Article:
Marriage For Money

Charlotte’s father only married her mother for money – not because Princess Caroline of Brunswick was rich, but because the Prime Minister, William Pitt, had told him that, when he married, the government would raise his income. The increase was intended to cover the cost of an appropriately enlarged household, but to the Prince it was an opportunity to continue his notorious extravagance (…) A suitable marriage was the Prince’s only hope.The promised increase would raise his allowance from the privy purse to 100, 000 pounds a year. Although, in itself, even this would not be enough to support all his extravagance, it would at least enable him to start making annual payments to some of his creditors, and that in turn might encourage others to lend him more. He was unmoved when he was told that it was his duty to get married and provide the kingdom with an heir. But when he was told that a marriage would bring in more money, he agreed at once.


(extract from ‘Charlotte&Leopold’ by James Chambers)

‘The scandal of the Prince’s debts was an old story. His income from the Civil List, supplemented by the relatively modest revenues of the Duchy of Cornwall, had never been anything like enough to support his ample life – style as a bon viveur, aspiring glass of fashion, racing man, connoisseur, collector, and patron of the arts – probably no income ever would have been enough to satisfy the needs of so dedicated and proficient a spender of money – and there had been something of a showdown back in 1787. Parliament had then had to be persuaded to settle the most pressing of his Royal Highness’s obligations, and his Civil List allowance had been raised by £10, 000 to £60, 000 a year. But early in 1794 another crisis loomed, and once again the Prince’s debts approached a staggering six – figure sum. Ungrateful tradesmen were beginning to refuse his custom, and he was being dunned in the street by his creditors, some of whom went so far as to petition the Prime Minister for relief. Clearly another rescue operation would have to be mounted, but it was equally clear that this time John Bull, as represented by an increasingly unsympathetic House of Commons, would first demand some earnest of reform from the prodigal. That summer, therefore, the Prince of Wales went to see his father and abruptly informed him that he was now ready to enter “a more creditable line of life”, to get married and settle down.’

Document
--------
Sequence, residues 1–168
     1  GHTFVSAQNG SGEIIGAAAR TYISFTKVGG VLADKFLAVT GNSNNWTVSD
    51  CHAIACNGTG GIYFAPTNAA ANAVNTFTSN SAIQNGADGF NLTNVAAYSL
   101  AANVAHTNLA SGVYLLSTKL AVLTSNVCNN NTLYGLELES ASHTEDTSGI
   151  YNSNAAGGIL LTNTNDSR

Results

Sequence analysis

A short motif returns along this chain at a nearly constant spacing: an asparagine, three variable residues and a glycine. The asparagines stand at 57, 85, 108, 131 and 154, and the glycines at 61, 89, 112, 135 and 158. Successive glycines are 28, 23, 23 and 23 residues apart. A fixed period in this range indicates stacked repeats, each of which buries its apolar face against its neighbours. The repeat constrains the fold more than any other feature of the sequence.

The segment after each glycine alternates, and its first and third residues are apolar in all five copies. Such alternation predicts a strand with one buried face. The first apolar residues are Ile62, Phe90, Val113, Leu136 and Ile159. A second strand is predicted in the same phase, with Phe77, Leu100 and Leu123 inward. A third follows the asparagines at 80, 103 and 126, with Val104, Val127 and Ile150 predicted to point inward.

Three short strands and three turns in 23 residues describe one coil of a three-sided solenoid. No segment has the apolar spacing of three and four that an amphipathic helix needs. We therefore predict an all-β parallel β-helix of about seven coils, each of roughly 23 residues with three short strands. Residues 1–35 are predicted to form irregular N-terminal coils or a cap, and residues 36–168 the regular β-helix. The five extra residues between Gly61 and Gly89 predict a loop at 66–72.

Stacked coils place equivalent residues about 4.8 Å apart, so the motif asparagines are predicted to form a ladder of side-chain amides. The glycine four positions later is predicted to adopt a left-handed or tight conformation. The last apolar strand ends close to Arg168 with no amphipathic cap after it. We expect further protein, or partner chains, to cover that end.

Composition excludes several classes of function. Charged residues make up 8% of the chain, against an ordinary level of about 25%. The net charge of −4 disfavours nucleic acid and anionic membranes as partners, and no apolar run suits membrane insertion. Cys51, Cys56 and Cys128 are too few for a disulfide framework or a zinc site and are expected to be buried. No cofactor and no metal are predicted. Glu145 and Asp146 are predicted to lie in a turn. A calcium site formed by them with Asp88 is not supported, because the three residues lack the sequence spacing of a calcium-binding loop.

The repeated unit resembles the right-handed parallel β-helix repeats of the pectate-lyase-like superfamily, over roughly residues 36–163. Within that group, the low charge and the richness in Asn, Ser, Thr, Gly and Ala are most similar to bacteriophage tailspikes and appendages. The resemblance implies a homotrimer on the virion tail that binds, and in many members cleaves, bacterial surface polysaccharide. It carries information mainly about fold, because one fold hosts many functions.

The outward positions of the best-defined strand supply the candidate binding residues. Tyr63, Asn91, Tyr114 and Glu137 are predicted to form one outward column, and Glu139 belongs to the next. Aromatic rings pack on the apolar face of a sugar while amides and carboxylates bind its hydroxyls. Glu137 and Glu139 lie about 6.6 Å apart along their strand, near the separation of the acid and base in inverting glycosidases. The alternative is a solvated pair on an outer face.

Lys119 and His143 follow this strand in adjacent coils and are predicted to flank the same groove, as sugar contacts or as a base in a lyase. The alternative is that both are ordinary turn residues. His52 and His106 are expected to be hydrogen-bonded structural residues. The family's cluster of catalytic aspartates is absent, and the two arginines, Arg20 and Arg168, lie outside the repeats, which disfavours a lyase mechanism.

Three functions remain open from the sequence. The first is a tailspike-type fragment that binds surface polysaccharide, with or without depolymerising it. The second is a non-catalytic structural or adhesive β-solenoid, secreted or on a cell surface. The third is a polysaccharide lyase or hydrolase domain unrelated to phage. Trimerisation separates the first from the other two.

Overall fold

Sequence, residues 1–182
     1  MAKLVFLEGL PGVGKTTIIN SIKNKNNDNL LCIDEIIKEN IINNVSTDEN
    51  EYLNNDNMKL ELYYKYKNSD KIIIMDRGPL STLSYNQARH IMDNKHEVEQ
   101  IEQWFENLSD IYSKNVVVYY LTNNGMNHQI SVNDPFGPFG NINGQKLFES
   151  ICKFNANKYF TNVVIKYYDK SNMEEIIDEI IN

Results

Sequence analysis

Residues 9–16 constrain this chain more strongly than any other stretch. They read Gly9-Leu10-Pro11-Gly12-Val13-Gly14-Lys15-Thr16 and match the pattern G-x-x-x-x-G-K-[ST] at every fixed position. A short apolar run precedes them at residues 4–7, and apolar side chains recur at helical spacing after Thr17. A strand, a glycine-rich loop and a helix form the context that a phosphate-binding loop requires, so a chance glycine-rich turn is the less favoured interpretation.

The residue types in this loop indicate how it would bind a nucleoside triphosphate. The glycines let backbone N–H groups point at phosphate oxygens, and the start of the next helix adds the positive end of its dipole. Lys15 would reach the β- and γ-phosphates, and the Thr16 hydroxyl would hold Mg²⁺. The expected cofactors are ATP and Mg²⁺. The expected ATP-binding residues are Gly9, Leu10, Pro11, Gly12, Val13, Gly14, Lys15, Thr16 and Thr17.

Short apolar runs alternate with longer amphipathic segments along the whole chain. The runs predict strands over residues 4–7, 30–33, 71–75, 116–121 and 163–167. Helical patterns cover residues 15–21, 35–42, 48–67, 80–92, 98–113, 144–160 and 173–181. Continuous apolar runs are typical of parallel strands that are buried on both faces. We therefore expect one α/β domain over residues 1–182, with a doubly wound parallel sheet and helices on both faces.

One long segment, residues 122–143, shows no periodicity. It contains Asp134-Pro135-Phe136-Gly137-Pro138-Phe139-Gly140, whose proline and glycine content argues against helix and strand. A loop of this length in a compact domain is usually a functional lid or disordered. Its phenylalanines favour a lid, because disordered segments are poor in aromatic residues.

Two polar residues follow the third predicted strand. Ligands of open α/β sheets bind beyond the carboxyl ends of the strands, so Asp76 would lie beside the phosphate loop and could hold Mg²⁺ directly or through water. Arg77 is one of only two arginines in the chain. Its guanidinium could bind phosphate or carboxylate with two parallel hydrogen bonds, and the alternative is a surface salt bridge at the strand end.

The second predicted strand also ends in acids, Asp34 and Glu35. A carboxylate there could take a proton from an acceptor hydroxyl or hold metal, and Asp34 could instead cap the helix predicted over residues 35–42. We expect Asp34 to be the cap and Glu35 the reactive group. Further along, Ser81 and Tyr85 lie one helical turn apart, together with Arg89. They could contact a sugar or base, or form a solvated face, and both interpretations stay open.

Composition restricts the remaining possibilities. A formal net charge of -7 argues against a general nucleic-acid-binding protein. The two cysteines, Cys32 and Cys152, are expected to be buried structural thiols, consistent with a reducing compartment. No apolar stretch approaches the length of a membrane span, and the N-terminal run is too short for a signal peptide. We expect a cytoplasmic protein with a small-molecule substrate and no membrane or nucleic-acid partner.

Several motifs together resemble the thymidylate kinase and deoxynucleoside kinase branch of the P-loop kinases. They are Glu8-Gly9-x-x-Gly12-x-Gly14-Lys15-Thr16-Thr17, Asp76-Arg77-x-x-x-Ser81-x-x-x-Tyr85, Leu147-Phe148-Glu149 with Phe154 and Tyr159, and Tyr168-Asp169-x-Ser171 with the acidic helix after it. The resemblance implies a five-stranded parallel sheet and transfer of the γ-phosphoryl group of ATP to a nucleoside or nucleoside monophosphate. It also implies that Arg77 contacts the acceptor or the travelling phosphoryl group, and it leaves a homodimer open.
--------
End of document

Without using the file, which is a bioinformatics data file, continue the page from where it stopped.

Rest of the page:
[an extract from ‘Caroline&Charlotte’ by Alison Plowden]

George IV in 1785
Picture: George IV of the United Kingdom by Samuel William Reynolds, 1785, National Portrait Gallery

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